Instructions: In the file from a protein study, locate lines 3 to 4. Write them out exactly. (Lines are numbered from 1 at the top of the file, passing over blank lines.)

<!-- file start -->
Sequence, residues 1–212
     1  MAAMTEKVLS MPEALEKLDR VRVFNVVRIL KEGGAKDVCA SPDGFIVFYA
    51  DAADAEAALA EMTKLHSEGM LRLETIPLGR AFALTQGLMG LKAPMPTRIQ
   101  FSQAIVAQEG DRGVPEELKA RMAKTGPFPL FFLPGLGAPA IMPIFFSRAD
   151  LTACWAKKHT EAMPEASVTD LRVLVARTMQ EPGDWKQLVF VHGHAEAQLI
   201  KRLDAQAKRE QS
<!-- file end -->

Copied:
    51  DAADAEAALA EMTKLHSEGM LRLETIPLGR AFALTQGLMG LKAPMPTRIQ
   101  FSQAIVAQEG DRGVPEELKA RMAKTGPFPL FFLPGLGAPA IMPIFFSRAD